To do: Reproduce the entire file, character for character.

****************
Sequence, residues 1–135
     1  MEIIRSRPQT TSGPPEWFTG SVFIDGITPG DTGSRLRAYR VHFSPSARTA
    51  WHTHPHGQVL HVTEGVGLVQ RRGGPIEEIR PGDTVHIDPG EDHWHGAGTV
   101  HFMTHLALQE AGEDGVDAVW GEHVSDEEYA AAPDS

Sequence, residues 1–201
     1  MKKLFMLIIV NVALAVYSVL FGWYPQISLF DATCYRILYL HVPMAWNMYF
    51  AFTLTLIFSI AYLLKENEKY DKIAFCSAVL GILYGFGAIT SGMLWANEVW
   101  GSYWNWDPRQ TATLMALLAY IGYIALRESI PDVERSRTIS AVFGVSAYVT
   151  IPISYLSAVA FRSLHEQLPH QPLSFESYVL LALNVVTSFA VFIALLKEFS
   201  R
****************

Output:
Sequence, residues 1–135
     1  MEIIRSRPQT TSGPPEWFTG SVFIDGITPG DTGSRLRAYR VHFSPSARTA
    51  WHTHPHGQVL HVTEGVGLVQ RRGGPIEEIR PGDTVHIDPG EDHWHGAGTV
   101  HFMTHLALQE AGEDGVDAVW GEHVSDEEYA AAPDS

Sequence, residues 1–201
     1  MKKLFMLIIV NVALAVYSVL FGWYPQISLF DATCYRILYL HVPMAWNMYF
    51  AFTLTLIFSI AYLLKENEKY DKIAFCSAVL GILYGFGAIT SGMLWANEVW
   101  GSYWNWDPRQ TATLMALLAY IGYIALRESI PDVERSRTIS AVFGVSAYVT
   151  IPISYLSAVA FRSLHEQLPH QPLSFESYVL LALNVVTSFA VFIALLKEFS
   201  R